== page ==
Atypical cannabinoid stimulates endothelial cell migration via a Gi/Go-coupled receptor distinct from CB1, CB2 or EDG-1.Eur J Pharmacol. 2004 Apr 05; 489(1-2):21-7.EJ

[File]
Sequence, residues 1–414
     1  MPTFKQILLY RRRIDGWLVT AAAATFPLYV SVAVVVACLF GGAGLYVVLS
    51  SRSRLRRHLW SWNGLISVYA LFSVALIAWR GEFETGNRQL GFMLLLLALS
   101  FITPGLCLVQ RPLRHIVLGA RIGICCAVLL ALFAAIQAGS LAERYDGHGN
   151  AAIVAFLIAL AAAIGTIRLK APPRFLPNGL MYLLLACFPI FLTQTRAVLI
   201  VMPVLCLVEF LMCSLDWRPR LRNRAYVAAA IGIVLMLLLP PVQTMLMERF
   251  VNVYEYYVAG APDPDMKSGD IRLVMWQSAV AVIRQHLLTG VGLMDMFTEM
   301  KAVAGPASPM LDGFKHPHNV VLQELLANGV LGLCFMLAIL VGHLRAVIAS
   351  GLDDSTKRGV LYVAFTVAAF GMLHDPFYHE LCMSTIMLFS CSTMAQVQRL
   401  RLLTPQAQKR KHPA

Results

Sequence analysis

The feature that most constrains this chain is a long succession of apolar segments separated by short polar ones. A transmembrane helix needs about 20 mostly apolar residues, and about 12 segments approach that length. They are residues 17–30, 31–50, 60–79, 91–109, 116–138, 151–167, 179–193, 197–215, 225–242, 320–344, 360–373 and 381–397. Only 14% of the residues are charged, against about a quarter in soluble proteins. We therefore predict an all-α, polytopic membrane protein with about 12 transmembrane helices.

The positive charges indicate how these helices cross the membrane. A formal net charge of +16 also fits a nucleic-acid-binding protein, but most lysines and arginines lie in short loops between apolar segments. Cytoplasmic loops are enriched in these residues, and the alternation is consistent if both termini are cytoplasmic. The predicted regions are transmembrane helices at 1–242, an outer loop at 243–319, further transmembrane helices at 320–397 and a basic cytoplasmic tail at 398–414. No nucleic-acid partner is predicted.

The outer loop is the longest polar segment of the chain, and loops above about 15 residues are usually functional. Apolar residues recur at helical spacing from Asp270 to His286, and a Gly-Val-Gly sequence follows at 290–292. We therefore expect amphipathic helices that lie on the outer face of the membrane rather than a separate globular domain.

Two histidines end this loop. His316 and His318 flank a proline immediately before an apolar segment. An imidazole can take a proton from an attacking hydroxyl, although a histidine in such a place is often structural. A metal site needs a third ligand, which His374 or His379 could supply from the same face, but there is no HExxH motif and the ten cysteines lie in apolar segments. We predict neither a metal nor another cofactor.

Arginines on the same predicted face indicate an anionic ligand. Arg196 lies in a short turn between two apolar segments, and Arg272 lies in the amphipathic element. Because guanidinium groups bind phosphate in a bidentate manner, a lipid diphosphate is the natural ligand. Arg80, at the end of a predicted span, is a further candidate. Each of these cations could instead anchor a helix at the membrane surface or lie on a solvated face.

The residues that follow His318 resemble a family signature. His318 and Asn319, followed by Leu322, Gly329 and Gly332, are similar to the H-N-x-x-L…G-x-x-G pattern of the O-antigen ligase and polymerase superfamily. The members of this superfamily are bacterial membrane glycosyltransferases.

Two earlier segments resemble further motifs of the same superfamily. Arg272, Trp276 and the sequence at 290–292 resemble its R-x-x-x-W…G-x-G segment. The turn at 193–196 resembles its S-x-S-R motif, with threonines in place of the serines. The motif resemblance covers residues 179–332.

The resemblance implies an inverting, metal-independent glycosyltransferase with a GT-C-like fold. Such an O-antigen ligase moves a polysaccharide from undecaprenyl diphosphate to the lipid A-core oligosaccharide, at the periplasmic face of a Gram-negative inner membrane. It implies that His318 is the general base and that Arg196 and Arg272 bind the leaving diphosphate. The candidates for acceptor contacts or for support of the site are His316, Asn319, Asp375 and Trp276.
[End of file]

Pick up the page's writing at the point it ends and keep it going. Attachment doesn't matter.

The endothelium-dependent mesenteric vasorelaxant effect of anandamide has been attributed to stimulation of a Gi/Go-coupled receptor, for which the nonpsychoactive analog abnormal cannabidiol (abn-cbd, (-)-4-(3-3,4-trans-p-menthadien-[1,8]-yl)olivetol) is a selective agonist and the compound O-1918 ((-)-4-(3-3,4-trans-p-menthadien-(1,8)-yl)-orcinol) is a selective antagonist. In human umbilical vein endothelial cells abn-cbd was reported to increase the phosphorylation of p44/42 mitogen activated protein kinase (MAPK) and protein kinase B/Akt, and these effects could be inhibited by pertussis toxin, by phosphatidylinositol 3-kinase (PI3K) inhibitors or by O-1918 [Mol. Pharmacol. 63 (2003) 699]. In the present experiments, abn-cbd caused a concentration-dependent increase in human umbilical vein endothelial cell migration, as quantified in a transwell chamber. This effect was antagonized by O-1918, by the PI3K inhibitor wortmannin, and by pertussis toxin, but not by the cannabinoid CB1 receptor antagonist AM251 or the cannabinoid CB2 receptor antagonist SR144528. The EDG-1 receptor agonist sphingosine-1-phosphate also increased human umbilical vein endothelial cell migration, but this response was unaffected by O-1918. In Chinese hamster ovary cells stably transfected with the gene encoding the EDG-1 receptor, p44/42 MAPK phosphorylation was unaffected by abn-cbd, but strongly induced by sphingosine-1-phosphate. These results indicate that an abn-cbd-sensitive endothelial receptor distinct from cannabinoid CB1, CB2 or EDG-1 receptors mediates not only vasorelaxation but also endothelial cell migration.